MSc Business Administration - Specialization Change Management


In this course the emphasis lies on doing organizational change, on the changing process itself consisting of the agents, their assumptions and strategies, their interventions in the organizational system and their interactions with the actors involved. To this end you will be asked to observe, describe, analyze, plan and review change processes. The course follows an action-oriented approach: case-based learning by the group, and experiential learning during a simulation.You will work from a planned change perspective; will learn to balance WHAT and HOW issues in diagnosing change situations; and will build arguments for choosing relevant interventions at different levels. The course aims to facilitate and contribute to the development of your toolbox, in terms of possible roles and interventions. It also invites you to critically appraise the role of change agents and of their interventions in creating and sustaining conditions for change. While the course's emphasis lies on planned change management, you will be asked to reflect on its limitations and may play with or explore its boundaries.


Business processes represent the “vehicle” through which an organization delivers its products and/or services in accordance with customers’ expectations. Business process management involves the (re)configuration of activities within an organization towards achieving the corporate strategy. Business process architecture and its performance are thus subjected to constant evaluation and scrutiny. The (re)design of business process architecture, through the enhancement of supporting ICT and human infrastructures, therefore reflects a core competency for an organization to maintain sustainable competitive advantages in the marketplace.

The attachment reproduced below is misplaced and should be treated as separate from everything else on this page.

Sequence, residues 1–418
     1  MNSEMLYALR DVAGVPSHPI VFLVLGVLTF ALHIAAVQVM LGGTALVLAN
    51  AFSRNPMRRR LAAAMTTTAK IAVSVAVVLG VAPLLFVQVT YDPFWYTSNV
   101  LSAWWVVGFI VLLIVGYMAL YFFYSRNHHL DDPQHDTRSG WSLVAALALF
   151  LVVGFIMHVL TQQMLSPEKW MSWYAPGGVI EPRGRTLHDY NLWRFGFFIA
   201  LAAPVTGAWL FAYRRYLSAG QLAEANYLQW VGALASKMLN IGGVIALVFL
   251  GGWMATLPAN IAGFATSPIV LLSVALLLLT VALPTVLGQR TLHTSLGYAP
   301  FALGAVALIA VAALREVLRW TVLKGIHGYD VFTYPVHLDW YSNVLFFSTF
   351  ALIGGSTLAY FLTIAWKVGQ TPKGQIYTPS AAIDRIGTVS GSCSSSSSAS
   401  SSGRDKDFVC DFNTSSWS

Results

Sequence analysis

In today's competitive business world, companies introduce many change projects to stay abreast of competition. These projects range from bringing in new technologies to total quality management initiatives, business process reengineering, and reorganization. Such projects typically aim at improving efficiency, innovativeness or effectiveness of working and therefore gaining competitive advantage for the companies in local or global markets. However, many of such projects fail to deliver optimum results. In this course, we focus on the two key change actors (change agent and change recipient), and their interactions, to explain success or failure of change projects. You will learn about these three elements (change recipients, change agents and their interaction) from the relevant theories as well as from practice (how companies do this in real life). To learn from the practice, you will conduct your own research in a company by interviewing a change agent and a few related change recipients, conducting a survey and then analyzing your findings with your research team. This course will provide you with the experience in doing your own research in the field of change management through conducting interviews, preparing data for analysis, executing qualitative and quantitative data analysis, and reporting your findings.